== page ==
What Do We Tell The Children?
by Dr. Ann L. Engelland
(April 18, 2007) Many Westchester children awoke on April 16 to a “Rain Day” from school, reveling in their spring vacation that didn’t feel much like spring - especially for those who donned galoshes and rain boots and slopped around in the basement with whatever tools seemed to help stem the flow.
After stopping at Mamaroneck High School’s Red Cross shelter to offer my services to flood victims — where I was told the only medical concern was a woman 39 weeks pregnant — I was starting to prepare a talk for parents at my office. The talk is about how we communicate with our kids at different ages and developmental stages. Among other things it’s about how children develop values—about themselves, family, religion, sexuality, money, and more.
Then the news from Virginia Tech flashed on my computer screen. Over the course of the day as the messages became more confusing and more horrifying, I found myself sinking into a funk. How could anyone make sense of this? How should or could we respond? What do we tell the children?
I did what many did. I reached out to my family. I spoke with the kids I could reach by phone and hugged the ones around me. I emailed my mom. As a Midwestern woman who survived the dustbowl, the great Depression, much illness, loss and disappointment, she retains the streak that allowed my forebears to survive calamity. She recalled to me that the old folks (her parents) would have said, “Tomorrow will be another day.” And then she asked, “Do you have lilacs in your yard?”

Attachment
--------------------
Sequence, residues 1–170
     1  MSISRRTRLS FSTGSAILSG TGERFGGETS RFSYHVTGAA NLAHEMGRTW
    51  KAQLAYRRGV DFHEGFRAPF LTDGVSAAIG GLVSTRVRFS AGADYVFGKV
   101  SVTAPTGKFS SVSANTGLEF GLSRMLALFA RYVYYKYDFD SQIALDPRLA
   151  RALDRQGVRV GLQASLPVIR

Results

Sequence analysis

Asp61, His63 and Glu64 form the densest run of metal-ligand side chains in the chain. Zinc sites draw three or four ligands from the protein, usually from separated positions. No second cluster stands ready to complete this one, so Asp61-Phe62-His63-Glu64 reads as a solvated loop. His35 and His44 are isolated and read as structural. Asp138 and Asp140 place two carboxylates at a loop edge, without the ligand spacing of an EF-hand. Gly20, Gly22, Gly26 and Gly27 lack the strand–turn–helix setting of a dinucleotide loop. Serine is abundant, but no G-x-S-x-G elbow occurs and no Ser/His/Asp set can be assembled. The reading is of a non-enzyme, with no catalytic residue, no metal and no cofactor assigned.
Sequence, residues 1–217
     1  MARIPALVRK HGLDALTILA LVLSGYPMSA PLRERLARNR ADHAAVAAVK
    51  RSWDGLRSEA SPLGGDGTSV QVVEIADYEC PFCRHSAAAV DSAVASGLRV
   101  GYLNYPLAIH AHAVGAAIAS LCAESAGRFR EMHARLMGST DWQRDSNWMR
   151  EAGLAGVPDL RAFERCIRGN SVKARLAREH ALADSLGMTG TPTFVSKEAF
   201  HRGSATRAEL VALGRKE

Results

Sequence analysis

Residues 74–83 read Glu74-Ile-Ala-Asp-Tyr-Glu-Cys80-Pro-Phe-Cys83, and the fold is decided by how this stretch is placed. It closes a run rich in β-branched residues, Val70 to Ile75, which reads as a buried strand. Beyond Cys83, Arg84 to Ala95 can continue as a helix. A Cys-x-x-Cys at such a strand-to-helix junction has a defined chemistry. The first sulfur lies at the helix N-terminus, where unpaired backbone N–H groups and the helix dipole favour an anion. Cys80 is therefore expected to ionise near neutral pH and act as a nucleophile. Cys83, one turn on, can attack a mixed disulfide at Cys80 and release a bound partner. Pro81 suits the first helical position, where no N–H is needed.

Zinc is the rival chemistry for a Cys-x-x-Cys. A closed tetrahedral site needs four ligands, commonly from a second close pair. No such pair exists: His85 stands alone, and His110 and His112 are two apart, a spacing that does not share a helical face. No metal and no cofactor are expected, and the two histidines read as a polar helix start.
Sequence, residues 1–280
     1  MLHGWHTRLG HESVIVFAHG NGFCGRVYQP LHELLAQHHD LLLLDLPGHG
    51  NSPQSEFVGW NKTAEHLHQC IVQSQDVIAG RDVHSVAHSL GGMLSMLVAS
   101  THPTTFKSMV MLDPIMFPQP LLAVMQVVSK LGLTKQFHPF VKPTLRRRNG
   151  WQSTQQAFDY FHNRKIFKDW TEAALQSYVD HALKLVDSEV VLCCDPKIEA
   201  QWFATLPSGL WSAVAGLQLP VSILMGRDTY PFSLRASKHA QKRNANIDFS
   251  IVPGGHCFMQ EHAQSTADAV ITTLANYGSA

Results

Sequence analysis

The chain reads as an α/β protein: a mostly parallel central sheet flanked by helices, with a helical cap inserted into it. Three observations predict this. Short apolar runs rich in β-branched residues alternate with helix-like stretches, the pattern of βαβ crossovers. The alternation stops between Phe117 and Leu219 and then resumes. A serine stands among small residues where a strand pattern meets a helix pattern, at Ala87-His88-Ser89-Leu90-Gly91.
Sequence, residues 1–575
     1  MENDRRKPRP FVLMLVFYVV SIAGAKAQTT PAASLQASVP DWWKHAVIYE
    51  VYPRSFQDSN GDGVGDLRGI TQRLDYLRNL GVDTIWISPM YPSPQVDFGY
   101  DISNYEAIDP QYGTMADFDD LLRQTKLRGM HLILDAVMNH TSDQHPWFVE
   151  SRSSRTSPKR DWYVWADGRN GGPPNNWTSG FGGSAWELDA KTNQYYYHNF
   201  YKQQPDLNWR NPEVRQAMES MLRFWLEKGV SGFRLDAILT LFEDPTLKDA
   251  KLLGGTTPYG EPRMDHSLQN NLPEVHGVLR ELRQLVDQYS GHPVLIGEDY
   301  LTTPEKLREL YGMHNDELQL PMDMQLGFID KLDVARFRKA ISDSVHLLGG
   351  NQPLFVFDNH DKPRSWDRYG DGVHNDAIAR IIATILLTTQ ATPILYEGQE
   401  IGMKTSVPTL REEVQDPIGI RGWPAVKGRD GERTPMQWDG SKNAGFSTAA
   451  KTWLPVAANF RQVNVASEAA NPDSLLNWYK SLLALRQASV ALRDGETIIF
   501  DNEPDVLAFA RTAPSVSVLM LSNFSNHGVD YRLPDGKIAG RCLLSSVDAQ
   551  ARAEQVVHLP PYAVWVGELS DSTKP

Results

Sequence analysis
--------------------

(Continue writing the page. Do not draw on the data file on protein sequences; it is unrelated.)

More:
It’s no wonder that I continued to ponder how best to explain or talk about this with twenty-first century children, mine and others.
On Tuesday, I awoke still feeling inadequate and useless to the situation at hand. When I saw the piles of sopping discarded appliances and personal items, carpets, and even cars in Washingtonville, making Mamaroneck look like a small version of the Ninth Ward in New Orleans, and then heard about the hundreds of people still needing shelter at the high school, I became determined to find a way to turn this series of calamities into some sort of good, or at the least a learning experience with some hope.
Late in the afternoon, one of my favorite patients came with her mom, one of my favorite grown-ups, and it was they who helped me begin to frame it.
Two of the most urgent causes of our time, they thought, conspired yesterday to sound alarms of all sorts. Global warming and gun control. There. I had it. Somehow I felt a bit better.
Surely, one could debate the contribution of global warming to the Nor’easter and surely one could debate (an NRA official on NPR actually did) the relevance of Virginia’s notoriously lax gun laws to the massacre at Virginia Tech. But maybe we’ve already exhausted those debates. Maybe time is running out.
A third issue emerges today as we hear and consider the history of the gunman. Preventing, recognizing and responding to mental illness in our schools, colleges, and homes remains one of our thorniest problems. I think about young adults and their continuing need for connection in a culture that pushes them toward “independence.” I think about our responsibility as parents, clinicians, teachers, and administrators to see them through the confusing and vast array of choices and challenges they face as they continue to grow up, even into their twenties.
If we really needed one more wake-up call, it seems the last few days have sent us one. After we “embrace our mourning,” as Nikki Giovanni, Virginia Tech’s poet declared, and after the shock wears off, it will be time once again to find hope. Each of our children should serve as a reminder to us adults to work and raise them in such a way that each of them, in his or her own time, finds and espouses a cause, feels a passion, and commits to making the community and the world a better place.
And in so doing, maybe we all can find some solace, peace and hope.